Regional network 3/2008
- Regional network report
Interview period: April and May 2008
Demand, output and market outlook
In this round, our contacts report markedly lower growth. Compared with the previous round, growth has slowed in virtually all regions and industries with the exception of suppliers to the petroleum industry, where growth remains buoyant. Growth has decreased by 50% compared with the previous round and is on the whole moderate. During the past three months, growth has been strongest among suppliers to the petroleum industry, followed by corporate services. In building and construction, growth is mildly negative.
The rate of manufacturing growth is moderate and falling compared with the previous reporting round. Manufacturers providing goods to the building and construction industry in particular report lower growth. Reduced residential construction has led to a levelling off and a decline in the industry. The processing industry reports continued high activity and increased demand in the international market. Capacity constraints, on the other hand, are still limiting companies’ ability to exploit this growth. The fishing and fish farming industry reports growth in output and exports of fresh white fish, pelagic and salmon. Contacts in manufacturing providing goods to the fishing and fish farming industry report solid growth. Growth among suppliers to the petroleum industry remains solid and is at the same level as reported in the previous round. The most important reason for this is high oil prices, and operators are using more resources than earlier to maintain output levels. This in turn leads to an increased need for maintenance.
Our contacts report a decline in demand and activity in the building and construction sector. There is growth in the commercial building market, but this does not fully compensate for the decline in residential building. Retail trade reports moderate growth although the growth rate is slowing compared with the previous round. The industry recording the strongest growth after suppliers to the petroleum industry is services, although growth has also slowed markedly in this industry compared with the previous round. Financial services are dragging down growth. Commercial services are also exhibiting somewhat slower growth than previously observed.
On the whole, growth is expected to be somewhat weaker during the next six months. The market outlook for export-oriented manufacturing indicates moderate growth in the period ahead. Suppliers to the petroleum industry expect the strongest growth, while building and construction expect a moderate reduction in demand during the next six months. Retail trade expects moderate growth in demand and activity. Demand for expensive capital goods is expected to slacken, while some growth in demand for sports equipment, clothing and other consumer goods is expected.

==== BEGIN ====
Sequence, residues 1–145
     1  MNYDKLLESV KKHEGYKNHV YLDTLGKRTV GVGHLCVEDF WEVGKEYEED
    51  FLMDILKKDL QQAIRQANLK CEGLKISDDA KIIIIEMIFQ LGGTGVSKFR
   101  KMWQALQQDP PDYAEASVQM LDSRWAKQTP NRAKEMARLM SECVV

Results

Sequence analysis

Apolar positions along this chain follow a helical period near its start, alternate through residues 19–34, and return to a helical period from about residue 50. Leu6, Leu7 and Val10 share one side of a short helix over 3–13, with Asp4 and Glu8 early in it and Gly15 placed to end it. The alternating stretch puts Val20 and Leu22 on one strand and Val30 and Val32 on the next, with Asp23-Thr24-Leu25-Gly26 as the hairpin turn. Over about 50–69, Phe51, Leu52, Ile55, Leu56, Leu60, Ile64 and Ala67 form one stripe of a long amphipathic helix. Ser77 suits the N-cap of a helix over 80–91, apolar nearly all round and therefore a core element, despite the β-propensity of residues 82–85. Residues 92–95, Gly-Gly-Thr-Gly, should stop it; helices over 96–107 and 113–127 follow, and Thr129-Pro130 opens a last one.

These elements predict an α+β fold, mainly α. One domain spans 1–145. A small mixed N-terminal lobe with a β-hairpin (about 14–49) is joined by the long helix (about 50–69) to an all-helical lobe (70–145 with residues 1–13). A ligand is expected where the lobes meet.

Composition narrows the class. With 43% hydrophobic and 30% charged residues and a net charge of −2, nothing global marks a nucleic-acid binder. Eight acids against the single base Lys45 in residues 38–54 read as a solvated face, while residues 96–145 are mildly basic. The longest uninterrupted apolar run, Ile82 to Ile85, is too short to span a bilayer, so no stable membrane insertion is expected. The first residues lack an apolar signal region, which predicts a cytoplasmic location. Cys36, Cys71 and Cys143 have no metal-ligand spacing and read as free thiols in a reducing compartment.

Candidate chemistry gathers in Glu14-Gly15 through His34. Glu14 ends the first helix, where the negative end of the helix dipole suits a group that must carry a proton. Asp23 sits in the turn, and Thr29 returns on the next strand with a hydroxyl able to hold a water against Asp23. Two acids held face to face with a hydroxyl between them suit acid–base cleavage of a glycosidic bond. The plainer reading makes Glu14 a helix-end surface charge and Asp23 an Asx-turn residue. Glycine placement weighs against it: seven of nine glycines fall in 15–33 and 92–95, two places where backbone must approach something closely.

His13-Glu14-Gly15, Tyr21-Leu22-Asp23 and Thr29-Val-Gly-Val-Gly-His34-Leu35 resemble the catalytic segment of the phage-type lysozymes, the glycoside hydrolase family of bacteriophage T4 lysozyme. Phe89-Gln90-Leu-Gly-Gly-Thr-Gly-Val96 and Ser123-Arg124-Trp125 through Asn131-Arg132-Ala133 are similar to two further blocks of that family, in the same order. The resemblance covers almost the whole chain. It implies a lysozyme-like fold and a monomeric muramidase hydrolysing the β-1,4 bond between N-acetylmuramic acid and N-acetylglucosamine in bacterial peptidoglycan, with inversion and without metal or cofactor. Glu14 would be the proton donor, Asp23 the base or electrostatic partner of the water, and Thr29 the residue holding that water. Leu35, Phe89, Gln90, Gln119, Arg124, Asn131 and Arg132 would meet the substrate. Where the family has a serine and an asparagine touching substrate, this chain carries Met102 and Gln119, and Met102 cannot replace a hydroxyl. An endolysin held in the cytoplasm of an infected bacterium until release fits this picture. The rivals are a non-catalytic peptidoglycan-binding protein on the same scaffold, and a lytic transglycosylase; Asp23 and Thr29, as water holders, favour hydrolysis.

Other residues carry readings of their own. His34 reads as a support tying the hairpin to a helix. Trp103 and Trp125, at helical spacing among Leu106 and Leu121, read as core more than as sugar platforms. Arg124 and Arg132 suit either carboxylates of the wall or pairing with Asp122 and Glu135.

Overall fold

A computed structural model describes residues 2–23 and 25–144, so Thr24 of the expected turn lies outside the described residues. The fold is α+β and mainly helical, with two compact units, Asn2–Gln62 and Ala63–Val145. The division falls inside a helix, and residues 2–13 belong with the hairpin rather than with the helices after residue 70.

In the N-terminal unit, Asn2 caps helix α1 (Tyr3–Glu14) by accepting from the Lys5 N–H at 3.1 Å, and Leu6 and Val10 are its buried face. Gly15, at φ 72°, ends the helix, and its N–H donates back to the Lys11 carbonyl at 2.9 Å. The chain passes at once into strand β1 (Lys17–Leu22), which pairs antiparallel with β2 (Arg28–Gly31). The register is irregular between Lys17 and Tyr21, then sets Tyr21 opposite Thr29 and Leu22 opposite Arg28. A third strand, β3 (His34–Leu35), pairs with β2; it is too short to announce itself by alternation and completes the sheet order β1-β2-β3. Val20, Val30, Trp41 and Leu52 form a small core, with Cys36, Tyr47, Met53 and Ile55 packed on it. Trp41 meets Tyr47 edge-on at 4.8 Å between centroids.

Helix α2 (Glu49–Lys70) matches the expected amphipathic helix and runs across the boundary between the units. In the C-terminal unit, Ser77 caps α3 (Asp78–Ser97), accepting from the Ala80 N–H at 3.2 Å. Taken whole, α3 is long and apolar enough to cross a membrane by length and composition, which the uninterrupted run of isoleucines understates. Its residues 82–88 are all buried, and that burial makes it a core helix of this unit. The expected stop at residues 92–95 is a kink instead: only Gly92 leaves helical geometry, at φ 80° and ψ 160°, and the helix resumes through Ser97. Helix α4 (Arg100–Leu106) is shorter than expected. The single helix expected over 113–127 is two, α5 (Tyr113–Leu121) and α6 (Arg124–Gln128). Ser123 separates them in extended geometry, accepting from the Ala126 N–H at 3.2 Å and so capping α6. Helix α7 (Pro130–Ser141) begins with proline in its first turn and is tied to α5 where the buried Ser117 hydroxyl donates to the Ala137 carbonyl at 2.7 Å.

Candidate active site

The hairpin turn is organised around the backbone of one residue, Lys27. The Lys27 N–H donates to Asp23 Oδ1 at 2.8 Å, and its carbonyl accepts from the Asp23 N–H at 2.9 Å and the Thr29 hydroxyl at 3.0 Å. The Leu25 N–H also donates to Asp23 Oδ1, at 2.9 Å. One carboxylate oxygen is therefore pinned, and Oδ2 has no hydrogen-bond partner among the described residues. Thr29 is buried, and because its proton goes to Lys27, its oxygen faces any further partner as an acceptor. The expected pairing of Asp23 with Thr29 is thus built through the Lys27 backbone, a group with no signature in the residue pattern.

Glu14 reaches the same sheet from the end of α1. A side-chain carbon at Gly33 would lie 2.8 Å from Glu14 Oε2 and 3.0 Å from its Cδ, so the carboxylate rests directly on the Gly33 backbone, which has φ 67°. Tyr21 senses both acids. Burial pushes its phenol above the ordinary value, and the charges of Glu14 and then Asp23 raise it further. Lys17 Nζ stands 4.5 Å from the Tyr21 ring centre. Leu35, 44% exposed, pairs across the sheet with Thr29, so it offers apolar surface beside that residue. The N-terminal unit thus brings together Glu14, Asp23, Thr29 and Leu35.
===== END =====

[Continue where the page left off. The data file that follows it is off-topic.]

Capacity utilisation and supply of labour
Capacity utilisation remains high but is somewhat less constrained than in the previous round and at this time last year. As in previous rounds, capacity utilisation is highest and labour shortages most severe in building and construction. The labour market seems to be somewhat less tight. While capacity utilisation is approximately unchanged in the service industry and retail trade, it is somewhat lower in manufacturing. 55% of the companies are operating at or close to capacity limits.
Employment and the labour market
Employment has increased moderately during the past three months and employment growth is approximately the same as in the previous reporting round. As in earlier rounds, employment has increased most in the service industry. Employment growth is expected to continue in the period ahead, albeit at a somewhat slower rate.
Costs, prices and profitability
Estimated wage growth is somewhat higher than in the previous round, and almost one percentage point higher than expectations for 2007 reported a year ago. Annual wage growth for 2008 is estimated at 5¾% for all industries as a whole. Higher wage growth expectations in the municipal and hospital sector in particular are contributing to this. There are fewer changes in expectations in the other sectors. In this round, all sectors expected annual wage growth to be in the interval between 5% and 6%. Competition for labour is expected to contribute to a settlement that is more expensive than expected for many.
The rise in prices slowed somewhat compared with the previous round and in relation to the highest in the regional network’s history recorded in November last year. Compared with the previous round, the rise in prices was lower in the export industry, building and construction and retail trade, but higher in domestic manufacturing and household services. The rise in prices, although slowing somewhat, is still strongest in building and construction at 6% over the past 12 months. The general picture is an expectation of a lower rise in prices during the next 12 months, especially in manufacturing, building and construction and corporate services. In retail trade and household services, the price rise is expected to remain approximately unchanged.
Growth in operating margins has slowed somewhat compared with the previous round. On the whole, operating margins have increased somewhat during the past 3 months compared with the same period last year. Margins in the export industry, offshore industry and retail trade have been weaker during the past 3 months than during the same period last year. Operating margins in domestically oriented manufacturing, building and construction and household services continue to increase, although at a slower pace than during previous rounds.
Charts - regional network (pdf, 37 kB)
In autumn 2002, Norges Bank established a regional network of enterprises, organisations and local authorities throughout Norway. More about the regional network